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Children of Men: A Barking Vision of the Future

Childrenmen190r Based on the footage I saw at Comic-Con, one movie I'm really looking forward to, which was tantalizingly shown in Venice and not Toronto, is Alfonso Cuaron's futuristic thriller Children of Men, starring Clive Owen and Julianne Moore, which has opened in Blighty to strong reviews (especially for Oscar perennial Michael Caine) and business (it opened number one, with a $6,597 per theater average).
Early reviews: THR. "Based on a novel by British mystery writer P.D. James, the film works both as a thriller and as a satisfying political and social drama," writes Ray Bennett.
Variety.
Emanuel Levy.
The Brit reviews: "An entertaining and utterly barking vision of the future," writes The London Times.
"...there is something just so grimly and grittily plausible about the awful world conjured up here, and the full-on urban warfare scenes really are electrifying," writes The Guardian.
View London.
Empire Online.
The Daily Mirror.
The BBC.
Time Out interviews Cuaron about shooting the future in London:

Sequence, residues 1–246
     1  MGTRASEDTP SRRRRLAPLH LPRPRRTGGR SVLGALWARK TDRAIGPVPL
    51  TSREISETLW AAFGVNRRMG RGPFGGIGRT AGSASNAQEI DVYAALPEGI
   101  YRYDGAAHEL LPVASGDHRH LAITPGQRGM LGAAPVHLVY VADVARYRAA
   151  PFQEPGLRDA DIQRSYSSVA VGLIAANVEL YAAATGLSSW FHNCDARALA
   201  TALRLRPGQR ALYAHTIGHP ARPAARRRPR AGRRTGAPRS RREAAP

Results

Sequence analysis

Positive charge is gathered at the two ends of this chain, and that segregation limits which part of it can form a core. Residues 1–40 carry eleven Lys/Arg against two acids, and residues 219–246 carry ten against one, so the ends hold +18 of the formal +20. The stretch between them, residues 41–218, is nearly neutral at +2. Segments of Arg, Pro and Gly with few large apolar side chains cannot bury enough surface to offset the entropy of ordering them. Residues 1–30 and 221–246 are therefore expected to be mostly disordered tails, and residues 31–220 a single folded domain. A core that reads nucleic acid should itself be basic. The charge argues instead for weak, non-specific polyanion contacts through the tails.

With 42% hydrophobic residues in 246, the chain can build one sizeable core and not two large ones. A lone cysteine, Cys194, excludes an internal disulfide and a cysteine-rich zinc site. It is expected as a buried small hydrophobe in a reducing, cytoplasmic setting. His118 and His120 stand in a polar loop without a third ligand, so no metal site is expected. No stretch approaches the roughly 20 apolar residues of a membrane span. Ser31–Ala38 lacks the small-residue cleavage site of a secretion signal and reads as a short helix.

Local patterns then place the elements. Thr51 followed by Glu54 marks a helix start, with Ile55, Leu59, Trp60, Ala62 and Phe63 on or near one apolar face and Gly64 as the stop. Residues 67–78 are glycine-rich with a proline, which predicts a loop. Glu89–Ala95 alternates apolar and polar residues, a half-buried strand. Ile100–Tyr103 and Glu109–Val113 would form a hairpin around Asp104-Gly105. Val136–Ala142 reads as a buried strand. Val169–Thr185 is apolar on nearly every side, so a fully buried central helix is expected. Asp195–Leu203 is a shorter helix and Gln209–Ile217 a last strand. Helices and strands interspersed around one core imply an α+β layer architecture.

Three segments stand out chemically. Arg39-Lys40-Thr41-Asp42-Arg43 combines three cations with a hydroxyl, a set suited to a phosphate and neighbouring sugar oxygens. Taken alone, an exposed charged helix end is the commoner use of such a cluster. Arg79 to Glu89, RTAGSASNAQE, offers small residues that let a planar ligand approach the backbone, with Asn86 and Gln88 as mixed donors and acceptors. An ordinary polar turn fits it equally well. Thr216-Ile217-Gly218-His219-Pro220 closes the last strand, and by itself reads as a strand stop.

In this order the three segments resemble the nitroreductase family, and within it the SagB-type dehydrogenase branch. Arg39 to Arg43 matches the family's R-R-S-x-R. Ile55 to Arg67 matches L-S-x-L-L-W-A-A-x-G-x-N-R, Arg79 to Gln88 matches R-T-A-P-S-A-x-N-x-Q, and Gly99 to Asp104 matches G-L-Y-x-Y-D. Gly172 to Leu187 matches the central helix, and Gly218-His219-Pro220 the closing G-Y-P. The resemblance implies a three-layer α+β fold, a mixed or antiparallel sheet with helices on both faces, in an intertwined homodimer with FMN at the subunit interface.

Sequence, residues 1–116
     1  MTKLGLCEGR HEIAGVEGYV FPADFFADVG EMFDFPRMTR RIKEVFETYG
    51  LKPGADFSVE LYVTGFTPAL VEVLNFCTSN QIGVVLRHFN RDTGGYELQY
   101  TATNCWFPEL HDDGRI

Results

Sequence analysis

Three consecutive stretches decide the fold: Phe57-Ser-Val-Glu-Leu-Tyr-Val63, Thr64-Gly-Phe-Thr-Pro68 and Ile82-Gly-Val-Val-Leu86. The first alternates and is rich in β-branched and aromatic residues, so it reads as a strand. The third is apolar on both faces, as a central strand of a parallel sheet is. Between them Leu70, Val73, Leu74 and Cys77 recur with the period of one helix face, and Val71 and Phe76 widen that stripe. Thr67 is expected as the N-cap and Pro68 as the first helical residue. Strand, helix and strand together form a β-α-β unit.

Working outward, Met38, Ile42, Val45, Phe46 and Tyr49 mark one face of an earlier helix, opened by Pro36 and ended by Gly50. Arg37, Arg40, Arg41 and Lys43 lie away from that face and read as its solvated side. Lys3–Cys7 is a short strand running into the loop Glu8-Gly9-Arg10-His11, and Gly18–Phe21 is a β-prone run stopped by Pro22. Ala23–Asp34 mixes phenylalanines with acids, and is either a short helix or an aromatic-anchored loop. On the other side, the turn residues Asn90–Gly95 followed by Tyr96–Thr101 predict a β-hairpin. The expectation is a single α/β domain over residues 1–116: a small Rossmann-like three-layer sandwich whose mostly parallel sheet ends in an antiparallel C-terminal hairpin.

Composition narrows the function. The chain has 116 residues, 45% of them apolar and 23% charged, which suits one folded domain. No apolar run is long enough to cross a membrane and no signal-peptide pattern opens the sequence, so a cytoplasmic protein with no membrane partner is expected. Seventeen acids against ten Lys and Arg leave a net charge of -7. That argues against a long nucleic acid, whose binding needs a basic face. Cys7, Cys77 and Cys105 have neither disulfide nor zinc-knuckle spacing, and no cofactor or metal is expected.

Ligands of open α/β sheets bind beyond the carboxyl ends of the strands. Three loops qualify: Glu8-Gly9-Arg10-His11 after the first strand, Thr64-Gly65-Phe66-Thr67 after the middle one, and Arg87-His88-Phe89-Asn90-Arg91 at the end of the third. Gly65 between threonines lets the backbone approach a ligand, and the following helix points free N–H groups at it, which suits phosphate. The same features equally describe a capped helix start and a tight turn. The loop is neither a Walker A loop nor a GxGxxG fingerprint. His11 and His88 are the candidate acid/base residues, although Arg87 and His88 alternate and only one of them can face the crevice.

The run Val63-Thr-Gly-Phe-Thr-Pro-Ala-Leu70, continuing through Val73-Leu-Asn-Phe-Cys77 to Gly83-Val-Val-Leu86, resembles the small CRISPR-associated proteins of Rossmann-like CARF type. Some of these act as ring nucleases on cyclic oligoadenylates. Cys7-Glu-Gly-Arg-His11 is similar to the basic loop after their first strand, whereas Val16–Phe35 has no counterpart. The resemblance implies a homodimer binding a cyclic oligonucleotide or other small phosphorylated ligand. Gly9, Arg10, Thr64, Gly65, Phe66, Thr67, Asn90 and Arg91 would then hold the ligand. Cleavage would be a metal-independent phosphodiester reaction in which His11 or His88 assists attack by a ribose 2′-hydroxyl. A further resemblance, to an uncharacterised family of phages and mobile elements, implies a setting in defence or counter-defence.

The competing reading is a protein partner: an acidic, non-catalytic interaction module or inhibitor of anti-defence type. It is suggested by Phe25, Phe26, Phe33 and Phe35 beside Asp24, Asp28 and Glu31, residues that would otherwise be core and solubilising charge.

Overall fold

"We said: let's do something like 'Y Tu Mamá También' – but in the future. Both this and 'Y Tu Mamá También' are road movies, first and foremost. There was also continuity between the two films in the sense that the principle was the same: to make a road movie in which context is as important as character. If you want to be mean, you could say that 'Y Tu Mamá También' is a very formulaic film – two guys on the road with a girl, shit happens. It's the same here: 'Children of Men' is a road movie in which a reluctant hero tries to bring a character to safety. You could give that story to Michael Bay. But for me, what was important was the social and political resonance and the context."

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